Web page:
Molding hollow on one side and in relief on the other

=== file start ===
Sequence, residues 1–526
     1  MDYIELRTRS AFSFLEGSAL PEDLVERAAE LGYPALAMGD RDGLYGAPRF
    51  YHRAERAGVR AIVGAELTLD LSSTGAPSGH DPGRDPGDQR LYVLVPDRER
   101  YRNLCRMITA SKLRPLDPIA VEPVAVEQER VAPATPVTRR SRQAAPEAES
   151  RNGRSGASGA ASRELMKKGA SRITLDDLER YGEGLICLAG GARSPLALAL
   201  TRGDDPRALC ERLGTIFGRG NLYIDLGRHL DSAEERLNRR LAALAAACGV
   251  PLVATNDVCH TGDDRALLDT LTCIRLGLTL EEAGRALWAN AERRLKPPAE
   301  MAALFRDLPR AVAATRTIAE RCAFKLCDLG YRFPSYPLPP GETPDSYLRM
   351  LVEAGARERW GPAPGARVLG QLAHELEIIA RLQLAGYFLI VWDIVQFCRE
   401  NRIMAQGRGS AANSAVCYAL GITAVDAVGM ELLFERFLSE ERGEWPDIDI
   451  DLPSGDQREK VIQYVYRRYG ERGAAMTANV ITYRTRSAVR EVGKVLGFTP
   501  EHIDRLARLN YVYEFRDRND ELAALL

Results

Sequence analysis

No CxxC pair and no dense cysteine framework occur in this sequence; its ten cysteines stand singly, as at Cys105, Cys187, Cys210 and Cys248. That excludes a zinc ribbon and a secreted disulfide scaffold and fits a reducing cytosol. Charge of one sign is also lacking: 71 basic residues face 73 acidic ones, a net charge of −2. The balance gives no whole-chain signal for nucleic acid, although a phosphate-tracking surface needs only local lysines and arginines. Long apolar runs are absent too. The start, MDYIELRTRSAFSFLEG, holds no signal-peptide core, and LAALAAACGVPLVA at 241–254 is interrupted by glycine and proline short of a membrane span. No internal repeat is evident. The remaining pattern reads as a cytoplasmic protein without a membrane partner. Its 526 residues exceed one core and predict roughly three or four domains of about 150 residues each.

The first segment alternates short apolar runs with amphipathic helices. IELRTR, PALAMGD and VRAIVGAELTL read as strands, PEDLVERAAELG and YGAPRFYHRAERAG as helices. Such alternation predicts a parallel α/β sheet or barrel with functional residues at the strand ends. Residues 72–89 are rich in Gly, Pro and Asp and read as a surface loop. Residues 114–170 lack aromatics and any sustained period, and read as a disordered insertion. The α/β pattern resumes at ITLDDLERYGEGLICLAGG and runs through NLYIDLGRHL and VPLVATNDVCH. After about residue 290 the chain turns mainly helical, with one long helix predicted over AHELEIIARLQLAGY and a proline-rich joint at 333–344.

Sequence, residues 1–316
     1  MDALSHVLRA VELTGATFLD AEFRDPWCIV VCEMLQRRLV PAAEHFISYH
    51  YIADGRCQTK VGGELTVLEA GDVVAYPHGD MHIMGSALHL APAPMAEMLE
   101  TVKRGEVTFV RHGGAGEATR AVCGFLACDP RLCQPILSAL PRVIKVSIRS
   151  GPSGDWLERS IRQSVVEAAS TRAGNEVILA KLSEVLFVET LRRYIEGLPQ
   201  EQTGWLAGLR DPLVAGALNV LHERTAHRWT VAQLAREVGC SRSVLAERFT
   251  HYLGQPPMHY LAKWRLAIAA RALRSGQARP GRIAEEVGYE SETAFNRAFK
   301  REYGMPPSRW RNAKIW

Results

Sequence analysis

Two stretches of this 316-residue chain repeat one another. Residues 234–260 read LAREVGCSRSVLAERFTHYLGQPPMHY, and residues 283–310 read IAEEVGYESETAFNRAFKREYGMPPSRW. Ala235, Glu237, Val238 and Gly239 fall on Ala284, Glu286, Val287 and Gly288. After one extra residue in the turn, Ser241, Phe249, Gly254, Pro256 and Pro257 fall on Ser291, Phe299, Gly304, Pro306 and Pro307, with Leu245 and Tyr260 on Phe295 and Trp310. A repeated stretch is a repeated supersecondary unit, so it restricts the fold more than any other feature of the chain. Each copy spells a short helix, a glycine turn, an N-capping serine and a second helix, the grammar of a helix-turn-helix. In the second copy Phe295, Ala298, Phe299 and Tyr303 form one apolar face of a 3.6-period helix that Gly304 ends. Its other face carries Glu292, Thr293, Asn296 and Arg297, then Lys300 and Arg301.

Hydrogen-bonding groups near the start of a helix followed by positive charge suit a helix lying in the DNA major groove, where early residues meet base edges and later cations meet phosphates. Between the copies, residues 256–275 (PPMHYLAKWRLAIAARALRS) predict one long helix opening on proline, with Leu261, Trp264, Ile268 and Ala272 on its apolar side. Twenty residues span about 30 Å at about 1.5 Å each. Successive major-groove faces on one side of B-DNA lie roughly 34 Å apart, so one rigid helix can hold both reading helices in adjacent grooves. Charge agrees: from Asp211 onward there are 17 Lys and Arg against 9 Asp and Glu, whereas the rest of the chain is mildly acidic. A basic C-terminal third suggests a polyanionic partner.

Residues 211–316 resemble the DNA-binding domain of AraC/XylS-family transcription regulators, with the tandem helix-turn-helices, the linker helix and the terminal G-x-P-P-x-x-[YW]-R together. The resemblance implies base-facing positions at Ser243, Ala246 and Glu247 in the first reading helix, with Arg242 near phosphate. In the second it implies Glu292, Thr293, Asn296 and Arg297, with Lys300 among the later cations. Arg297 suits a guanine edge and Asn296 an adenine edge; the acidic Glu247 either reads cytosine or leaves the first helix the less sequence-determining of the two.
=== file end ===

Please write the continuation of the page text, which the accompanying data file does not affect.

And for this effect, one casts a medal of fine tin, which is harder to melt. And since it is neat, one molds with it. And one leaves it in one half of the box mold, & presses it a little so that it holds better. And next, you shall cast in your box mold the solder described above, or another more meltable than fine tin. And thus, the second medal will melt and mold itself on the first one without ruining it. But to be safer, temper lamp black with water, & with a pinceau, give a light coat of this to the medal, which remains in the box mold, & leave to dry. Thus it will not melt. But if you have a medal of copper or silver, you can leave it in the casting, if you want to cast with lead or tin; but it is necessary that it be a little hot, for the cold would make the tin contract. Tin needs to be cast quite hot to come out neat. Tin doulx, which is the best for the cast, is the one that once cast en grille, is burnished & shiny & polished like a mirror, & appears to have been burnished, & does not have holes like the one that is brittle, & that is not shiny, as if burnished.